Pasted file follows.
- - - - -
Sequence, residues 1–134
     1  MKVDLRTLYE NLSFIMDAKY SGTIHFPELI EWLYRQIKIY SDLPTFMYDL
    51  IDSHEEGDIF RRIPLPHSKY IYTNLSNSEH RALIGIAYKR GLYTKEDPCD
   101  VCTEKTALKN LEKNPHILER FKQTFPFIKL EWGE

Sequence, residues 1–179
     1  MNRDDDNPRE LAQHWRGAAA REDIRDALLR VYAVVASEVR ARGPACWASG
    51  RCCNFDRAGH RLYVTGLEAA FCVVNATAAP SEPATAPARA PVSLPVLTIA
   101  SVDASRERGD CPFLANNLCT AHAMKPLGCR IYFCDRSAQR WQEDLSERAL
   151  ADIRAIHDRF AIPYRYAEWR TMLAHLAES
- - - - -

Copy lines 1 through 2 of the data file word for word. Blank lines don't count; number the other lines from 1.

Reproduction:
Sequence, residues 1–134
     1  MKVDLRTLYE NLSFIMDAKY SGTIHFPELI EWLYRQIKIY SDLPTFMYDL